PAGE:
There is an old Japanese story about a businessman and a Japanese monk:
An extremely successful CEO from an internationally acclaimed company went to visit a monk at a Japanese Zen Buddhist temple while on a trip to Japan. He wasn’t quite sure what he was seeking, but something had drawn him there. Perhaps he was in need of a blessing or a bit of wisdom.
After he entered the temple, he was shown to a room with very little furniture except for some big pillows for sitting and a small table. The CEO just stood and paced while waiting for the monk. After a period of time the monk quietly enters, bowed to his visitor in greeting, and bids that the businessman sit on one of the pillows while he sits on the other. The monk begins to close his eyes and is about to go into a meditation when the businessman starts talking. He pronounces why he’s there, what is so spiritually uplifting about the work, and all the good he’s done for people and the environment.
The monk listens for some time and then raises a hand to silence the man. He says, “I think we should have some tea,” as he rises and walks out. Several long minutes later he returns with a tray carrying a steaming pot of tea and two cups. He sets them down on the small table and again sits on his cushion. He says to the man, “This is Japanese tea ceremony; very ancient.”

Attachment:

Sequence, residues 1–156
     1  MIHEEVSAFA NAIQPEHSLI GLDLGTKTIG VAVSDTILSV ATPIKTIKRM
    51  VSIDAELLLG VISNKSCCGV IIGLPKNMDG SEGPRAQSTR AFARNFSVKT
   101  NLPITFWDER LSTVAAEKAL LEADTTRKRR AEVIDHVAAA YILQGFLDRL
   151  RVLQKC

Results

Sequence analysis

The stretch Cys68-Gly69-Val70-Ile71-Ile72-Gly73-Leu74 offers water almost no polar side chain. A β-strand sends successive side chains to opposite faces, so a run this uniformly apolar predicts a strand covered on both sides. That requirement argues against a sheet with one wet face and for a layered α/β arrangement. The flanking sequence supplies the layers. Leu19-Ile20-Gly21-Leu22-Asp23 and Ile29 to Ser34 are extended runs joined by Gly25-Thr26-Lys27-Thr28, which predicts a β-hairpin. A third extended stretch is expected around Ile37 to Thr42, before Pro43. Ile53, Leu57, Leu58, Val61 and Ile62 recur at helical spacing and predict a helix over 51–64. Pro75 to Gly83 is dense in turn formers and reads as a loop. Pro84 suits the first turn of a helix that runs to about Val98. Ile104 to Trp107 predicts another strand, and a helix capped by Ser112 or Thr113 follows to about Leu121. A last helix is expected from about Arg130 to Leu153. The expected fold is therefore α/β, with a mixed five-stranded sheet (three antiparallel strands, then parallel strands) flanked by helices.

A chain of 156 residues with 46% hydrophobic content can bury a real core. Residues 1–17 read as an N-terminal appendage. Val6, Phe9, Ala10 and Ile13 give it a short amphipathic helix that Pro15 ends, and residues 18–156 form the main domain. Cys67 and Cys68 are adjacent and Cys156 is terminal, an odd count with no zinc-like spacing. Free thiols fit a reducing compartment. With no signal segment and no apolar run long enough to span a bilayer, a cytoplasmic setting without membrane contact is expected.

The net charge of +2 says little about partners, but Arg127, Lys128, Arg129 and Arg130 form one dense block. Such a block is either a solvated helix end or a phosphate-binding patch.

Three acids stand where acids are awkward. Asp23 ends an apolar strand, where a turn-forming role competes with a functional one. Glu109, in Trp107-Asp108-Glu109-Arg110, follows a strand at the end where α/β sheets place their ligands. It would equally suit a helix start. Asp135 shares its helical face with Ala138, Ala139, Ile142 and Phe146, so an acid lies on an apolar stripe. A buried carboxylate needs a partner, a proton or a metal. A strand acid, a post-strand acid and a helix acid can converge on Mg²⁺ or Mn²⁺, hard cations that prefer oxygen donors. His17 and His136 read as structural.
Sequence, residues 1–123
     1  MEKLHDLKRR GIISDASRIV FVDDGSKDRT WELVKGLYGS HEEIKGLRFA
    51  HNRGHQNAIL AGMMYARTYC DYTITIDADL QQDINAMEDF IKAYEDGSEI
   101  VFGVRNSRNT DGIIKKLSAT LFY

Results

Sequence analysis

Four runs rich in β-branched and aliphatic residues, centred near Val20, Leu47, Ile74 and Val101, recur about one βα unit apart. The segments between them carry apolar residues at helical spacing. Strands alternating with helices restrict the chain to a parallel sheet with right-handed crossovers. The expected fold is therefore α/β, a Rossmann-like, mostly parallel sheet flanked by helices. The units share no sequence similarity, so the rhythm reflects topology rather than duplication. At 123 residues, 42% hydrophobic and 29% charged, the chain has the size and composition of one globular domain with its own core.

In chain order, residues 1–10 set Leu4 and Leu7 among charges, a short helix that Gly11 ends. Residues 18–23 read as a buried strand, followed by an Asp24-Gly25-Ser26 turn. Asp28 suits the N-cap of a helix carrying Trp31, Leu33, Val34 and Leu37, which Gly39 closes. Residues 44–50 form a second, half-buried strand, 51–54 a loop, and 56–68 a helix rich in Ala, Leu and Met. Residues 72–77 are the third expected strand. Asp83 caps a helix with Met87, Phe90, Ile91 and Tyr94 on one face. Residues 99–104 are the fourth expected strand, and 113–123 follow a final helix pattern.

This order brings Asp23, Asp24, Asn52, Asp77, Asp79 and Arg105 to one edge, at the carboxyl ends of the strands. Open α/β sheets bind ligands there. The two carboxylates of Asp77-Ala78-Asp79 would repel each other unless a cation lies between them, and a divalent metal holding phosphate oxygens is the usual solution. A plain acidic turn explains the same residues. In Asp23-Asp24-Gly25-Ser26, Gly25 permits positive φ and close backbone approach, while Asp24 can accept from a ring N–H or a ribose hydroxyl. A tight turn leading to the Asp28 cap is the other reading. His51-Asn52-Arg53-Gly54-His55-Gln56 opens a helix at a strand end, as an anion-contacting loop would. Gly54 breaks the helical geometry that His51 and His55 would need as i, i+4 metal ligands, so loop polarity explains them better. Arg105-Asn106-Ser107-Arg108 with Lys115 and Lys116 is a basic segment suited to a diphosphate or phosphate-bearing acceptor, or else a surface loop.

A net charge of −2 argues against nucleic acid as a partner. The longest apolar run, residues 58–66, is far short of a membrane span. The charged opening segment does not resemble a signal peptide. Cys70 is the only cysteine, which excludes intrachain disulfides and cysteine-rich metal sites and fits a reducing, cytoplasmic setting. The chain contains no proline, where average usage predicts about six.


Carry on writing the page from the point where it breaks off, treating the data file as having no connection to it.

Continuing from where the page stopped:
He slowly bows to the man, reaches over with both hands to ceremoniously pick up the tea pot, and slowly begins to pour the tea into the man’s cup. The cup slowly begins to fill—a quarter of the way up, half way up, three quarters—and the monk keeps slowly pouring. The visitor anxiously notes that the cup is almost full and getting closer and closer to the brim. The pour continues. The brim is reached. The monk does not move a muscle to stop. He calmly keeps pouring. As the tea beings to overflow, the businessman begins to freak out. “Watch out! You’re spilling the tea! You’re making a mess! It’s going everywhere!” The monk slowly stops pouring. He gently puts the tea pot down and sits back on his cushion. He lifts his eyes to meet the man’s and quietly looks at him. Finally he speaks.
“You are that tea cup. You are so full of your own thoughts and beliefs; there is no room for any more. Before you can learn anything from me, you have to empty yourself of your preconceived notions, thoughts, and beliefs. With an open mind and open heart, let this be a new beginning.”
As 2014 comes to a close and 2015 approaches, ask yourself what you’re holding on to and what you can release to make room for new beginnings.
We at the Motivational Institute of Hypnotherapy want to let you know how honored we are to have you as a part of our community. Each one of you makes a difference.
Have a wonderful holiday!
To Your Success,
Marla Brucker, DCH, R.HA